Illinois: Chicago’s checkout bag tax explained

Blog Post
The Windy City has recently posted updated guidance on its website to explain the various requirements and procedures put in place since the $0.07 checkout bag tax took effect, on February 1, 2017. Though retailers are not required to, most are likely to pass the tax on to consumers.
Normally, the wholesaler who sells checkout bags to a store is to collect the tax, but if a store receives bags from a wholesaler who has not collected the tax, the obligation is on the store. 
The updated guidance includes these links to assist retailers and wholesalers:
  1. Affidavit for apportionment for mixed-use facilities: This is the form to indicate the percentage of total sales attributable to operations other than “restaurant,” and the percentage of total sales attributable to qualifying “restaurant” operations. This is necessary because the Ordinance states that the tax does not apply to "bags provided by a dine-in or take-out restaurant to contain food or drink purchased by the restaurant’s customers." 
  2. Checkout bag tax placard: This is a placard intended to inform customers of the new tax, and encourage them to bring their own bags.
  3. Sample store receipts: As explained below, store receipts are to contain a separate line item for the checkout bag tax charged to the customer. This link provides a store with the proper placement of the tax on the receipt.
  4. Guidance on the checkout bag tax: The purpose of this form is to help retail merchants and wholesalers applying for a Bag Tax credit, when, among other things, the customer is purchasing items pursuant to a governmental food assistance program, as described below.
  5. Checkout Bag Tax FAQs: This provides answers for commonly asked questions.
The checkout bag tax ordinance (Ordinance) itself contains other information pertaining to checkout bag tax, including the facts that 1) there is a presumption that the checkout bags are subject to the tax; and 2) the burden of proving that the tax does not apply falls upon the person making that claim. 
In addition, both paper and plastic bags are subject to the tax. These terms refer to the bags that people use to carry their purchases from the store, and not those used for things such as bulk nuts, fruits and vegetables, flowers, baked goods, and the like. Nor does the tax apply to bags that contain prescription drugs from the store’s pharmacy. Similarly, bags that one uses to carry items purchased under a Governmental food assistance program, like the Supplemental Nutritional Assistance Program, are not taxed.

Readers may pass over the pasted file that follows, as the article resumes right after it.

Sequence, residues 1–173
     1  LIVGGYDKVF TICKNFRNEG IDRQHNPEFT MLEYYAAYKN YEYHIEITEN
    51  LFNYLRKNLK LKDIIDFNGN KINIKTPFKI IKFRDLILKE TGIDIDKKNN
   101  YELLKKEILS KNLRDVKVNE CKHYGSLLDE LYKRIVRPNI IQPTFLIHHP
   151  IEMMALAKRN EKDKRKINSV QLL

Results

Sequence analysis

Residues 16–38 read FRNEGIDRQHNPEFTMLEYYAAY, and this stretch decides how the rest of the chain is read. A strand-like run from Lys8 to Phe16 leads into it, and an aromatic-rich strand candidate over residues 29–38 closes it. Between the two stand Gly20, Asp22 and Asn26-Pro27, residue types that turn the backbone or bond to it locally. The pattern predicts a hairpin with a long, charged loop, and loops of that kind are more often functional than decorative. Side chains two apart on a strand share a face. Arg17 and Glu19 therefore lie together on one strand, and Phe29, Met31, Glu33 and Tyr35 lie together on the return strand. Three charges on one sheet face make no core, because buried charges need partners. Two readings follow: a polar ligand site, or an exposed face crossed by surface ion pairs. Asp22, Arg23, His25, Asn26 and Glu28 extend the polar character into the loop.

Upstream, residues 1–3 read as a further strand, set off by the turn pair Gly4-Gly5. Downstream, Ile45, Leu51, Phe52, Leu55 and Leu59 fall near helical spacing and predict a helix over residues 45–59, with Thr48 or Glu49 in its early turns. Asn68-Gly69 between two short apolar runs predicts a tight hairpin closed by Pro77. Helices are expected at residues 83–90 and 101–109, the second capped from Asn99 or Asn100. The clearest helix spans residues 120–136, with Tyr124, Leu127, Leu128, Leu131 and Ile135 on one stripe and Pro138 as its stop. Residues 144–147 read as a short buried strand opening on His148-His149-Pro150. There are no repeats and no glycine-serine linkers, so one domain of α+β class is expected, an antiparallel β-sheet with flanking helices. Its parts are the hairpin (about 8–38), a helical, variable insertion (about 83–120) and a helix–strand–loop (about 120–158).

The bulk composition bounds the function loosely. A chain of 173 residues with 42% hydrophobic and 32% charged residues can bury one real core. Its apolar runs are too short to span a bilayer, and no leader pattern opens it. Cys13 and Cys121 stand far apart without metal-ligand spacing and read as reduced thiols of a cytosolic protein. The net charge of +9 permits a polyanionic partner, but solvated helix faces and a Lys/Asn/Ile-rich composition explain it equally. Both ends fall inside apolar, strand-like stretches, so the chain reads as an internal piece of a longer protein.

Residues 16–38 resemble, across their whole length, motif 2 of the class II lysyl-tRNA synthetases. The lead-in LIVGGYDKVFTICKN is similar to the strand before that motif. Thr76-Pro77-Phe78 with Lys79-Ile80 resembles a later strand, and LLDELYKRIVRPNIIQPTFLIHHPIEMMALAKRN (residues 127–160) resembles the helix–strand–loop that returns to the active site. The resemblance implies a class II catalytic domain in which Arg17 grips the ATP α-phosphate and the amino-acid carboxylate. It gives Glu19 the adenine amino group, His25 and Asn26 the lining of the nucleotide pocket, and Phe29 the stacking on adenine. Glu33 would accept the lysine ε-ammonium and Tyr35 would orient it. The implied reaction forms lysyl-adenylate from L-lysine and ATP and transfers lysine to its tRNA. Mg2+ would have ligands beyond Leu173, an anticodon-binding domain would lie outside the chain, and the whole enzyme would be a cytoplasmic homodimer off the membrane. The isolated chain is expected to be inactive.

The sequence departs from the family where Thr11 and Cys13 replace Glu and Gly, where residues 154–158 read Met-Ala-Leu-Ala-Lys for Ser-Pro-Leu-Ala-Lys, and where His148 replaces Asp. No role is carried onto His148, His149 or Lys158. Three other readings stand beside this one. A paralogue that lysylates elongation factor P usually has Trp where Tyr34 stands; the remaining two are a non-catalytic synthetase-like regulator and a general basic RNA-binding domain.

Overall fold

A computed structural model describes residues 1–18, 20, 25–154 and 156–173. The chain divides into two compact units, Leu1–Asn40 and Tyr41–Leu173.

Stores have the option of charging customers for the bags, and separately stating the tax on the receipt as the “Checkout Bag Tax,” or not. If a store chooses not to pass the bag tax on to the customer, it is still responsible for paying the tax. Regardless, every store that remits or pays the tax is eligible to retain $0.02 per checkout bag sold or used. The amount that a wholesaler should be receiving from a store and remitting to the Department of Finance should only be the net amount of $0.05 per checkout bag sold or used, less any credit for exempt bags allowed. 
Finally, the Ordinance imposes a registration requirement on “[e]very store that possesses checkout bags for sale or use in the City purchased prior to the effective date…” This includes providing information “attesting to the quantities of such checkout bags in [the store’s] possession as of the last day prior to the tax increase, and remit[ting] to the Department the amount of tax due as a result of each rate increase.” Failure to comply will cost $100.00 per business location, in the absence of a “reasonable cause” defense. 

New York City’s plastic bag fee blocked

According to the New York City Department of Sanitation (Department) “New Yorkers use more than 10 billion single-use carryout bags every year, costing the City more than $12 million annually to dispose of these bags. Most bags end up in landfills, where they take thousands of years to decompose. Those that [do not end up in landfills] often [get] stuck in trees and bushes, clogging storm drains, and littering beaches.” For these reasons, the Department attempted to impose a five-cent fee to discourage plastic bag usage. This was not considered to be a tax, because the Big Apple would not have received any revenue; retailers would have kept whatever amounts they collected. 
The state legislature blocked the fee from taking effect, and Gov. Andrew Cuomo went along with the moratorium. In his press release explaining these actions, the governor asserted that the law was “deeply flawed” because it allowed merchants to keep the fees, instead of using the revenue to “solve the problem of plastic bags' environmental impact – essentially amounting to a $100 million per year windfall to merchants.”

Before proceeding further, Gov. Cuomo wants answers to numerous questions, such as:

  1. Whether the state should ban paper and plastic carry-out products;
  2. Whether a tax the best approach, and if so, at what level and who should be the beneficiary; and
  3. Whether New York state should be obligated to supply reusable bags for a period of time during a transition so that low-income consumers are not unduly financially burdened through the process.

To that end, he established a statewide task force to develop a plan for addressing the plastic bag problem.

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